Have been in the south of Italy for the past week, drank a lot of coffee, however saw nothing that comes close to what you describe.
Thank you Aaron, I think you are correct. It is a bit of a novelty and is quite mad how so much of this foam is produced from a shot. The coffee did have a slightly sweeter taste than most though I would not rate the taste any better than other coffee places. I brought back a kilo of their beans just because of their wood oven roasting. I knew there was no chance of getting a similar result but I do like the subtlety of the Italian espresso shot, just a little lighter than what we get here in Adelaide. Anyhow, thanks for your feedback.
Think I will do some experimenting with my green beans now, some robusta blends on the way.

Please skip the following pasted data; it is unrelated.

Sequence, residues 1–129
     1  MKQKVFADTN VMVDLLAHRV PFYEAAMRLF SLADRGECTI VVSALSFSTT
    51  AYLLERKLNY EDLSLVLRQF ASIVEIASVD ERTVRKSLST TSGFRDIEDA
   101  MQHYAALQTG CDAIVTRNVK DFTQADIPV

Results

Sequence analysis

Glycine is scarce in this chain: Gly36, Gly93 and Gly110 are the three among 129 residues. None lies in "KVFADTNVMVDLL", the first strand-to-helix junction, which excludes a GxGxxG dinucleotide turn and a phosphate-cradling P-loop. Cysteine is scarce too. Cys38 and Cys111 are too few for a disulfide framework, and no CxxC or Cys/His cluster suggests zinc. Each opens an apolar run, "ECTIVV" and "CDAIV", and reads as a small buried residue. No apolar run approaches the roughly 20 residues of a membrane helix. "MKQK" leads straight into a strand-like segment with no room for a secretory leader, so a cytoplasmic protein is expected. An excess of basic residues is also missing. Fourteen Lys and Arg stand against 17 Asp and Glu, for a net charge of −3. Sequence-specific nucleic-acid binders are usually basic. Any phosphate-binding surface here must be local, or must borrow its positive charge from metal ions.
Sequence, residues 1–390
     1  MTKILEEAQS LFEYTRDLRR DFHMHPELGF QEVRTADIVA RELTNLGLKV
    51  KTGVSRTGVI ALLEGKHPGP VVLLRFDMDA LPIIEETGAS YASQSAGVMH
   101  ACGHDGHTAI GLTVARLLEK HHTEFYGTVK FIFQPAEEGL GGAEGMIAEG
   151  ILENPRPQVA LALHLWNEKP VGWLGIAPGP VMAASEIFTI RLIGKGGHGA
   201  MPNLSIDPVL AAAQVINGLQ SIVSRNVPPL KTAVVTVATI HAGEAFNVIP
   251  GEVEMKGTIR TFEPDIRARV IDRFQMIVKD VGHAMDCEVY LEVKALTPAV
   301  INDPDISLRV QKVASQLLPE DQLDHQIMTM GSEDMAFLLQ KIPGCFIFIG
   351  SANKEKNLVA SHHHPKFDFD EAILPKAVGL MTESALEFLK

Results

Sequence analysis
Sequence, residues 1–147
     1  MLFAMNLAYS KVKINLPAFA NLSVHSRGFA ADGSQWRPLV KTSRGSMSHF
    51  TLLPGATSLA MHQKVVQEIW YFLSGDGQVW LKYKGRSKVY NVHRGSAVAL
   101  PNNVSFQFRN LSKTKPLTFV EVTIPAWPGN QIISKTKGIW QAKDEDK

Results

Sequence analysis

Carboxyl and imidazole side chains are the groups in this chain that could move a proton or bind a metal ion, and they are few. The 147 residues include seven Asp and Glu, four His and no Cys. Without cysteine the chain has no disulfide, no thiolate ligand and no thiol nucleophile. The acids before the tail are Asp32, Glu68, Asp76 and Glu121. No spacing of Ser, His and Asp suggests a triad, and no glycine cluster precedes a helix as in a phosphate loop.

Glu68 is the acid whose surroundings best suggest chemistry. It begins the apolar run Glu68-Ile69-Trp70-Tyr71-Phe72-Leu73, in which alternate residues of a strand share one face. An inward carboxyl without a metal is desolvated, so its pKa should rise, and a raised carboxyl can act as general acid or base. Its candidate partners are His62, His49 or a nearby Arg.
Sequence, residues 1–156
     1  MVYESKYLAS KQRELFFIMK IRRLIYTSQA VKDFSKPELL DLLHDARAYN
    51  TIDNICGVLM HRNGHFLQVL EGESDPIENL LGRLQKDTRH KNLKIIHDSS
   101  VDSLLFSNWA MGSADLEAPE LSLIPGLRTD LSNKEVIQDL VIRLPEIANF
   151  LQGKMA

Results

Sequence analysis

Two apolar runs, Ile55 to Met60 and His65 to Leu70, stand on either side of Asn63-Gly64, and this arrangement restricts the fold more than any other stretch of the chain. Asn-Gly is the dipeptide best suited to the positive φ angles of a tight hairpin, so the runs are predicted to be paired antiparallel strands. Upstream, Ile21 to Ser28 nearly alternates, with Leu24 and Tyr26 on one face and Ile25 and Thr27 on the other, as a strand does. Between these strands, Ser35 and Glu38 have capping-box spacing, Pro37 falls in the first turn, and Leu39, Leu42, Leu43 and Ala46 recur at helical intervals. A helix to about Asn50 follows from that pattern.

Maybe its like adding sugar to a carbonated beverage - lets the CO2 escape quickly and fizz up?
Originally Posted by Aaron
Not sure just what your basing this statement on Soviet, The coffee scene in Adelaide has improved dramatically over the past 10 years, however it's certainly easier to consistently get a good strong shot in Italy than in Adelaide.
Originally Posted by soviet
Good espresso is good espresso, regardless of where it's made.
That is the point with coffee in Rome, a good coffee is not a strong shot but a milder shot, slightly nutty and lighter in colour. It is not about how strong the coffee. The coffee in Adelaide is very good though it is all about the Arabica bean and a strong coffee that can be mixed well with their scalding milk. That is one thing I do not hear so much in Rome, the sound of frothing milk. Coffee should be drunk by coffee drinkers and not cats.
Originally Posted by Yelta
Sorry for my rant.
This is though a personal choice and everyone has their own preferences, not everyones taste buds are the same and the majority of people here in Adelaide drink milk coffee.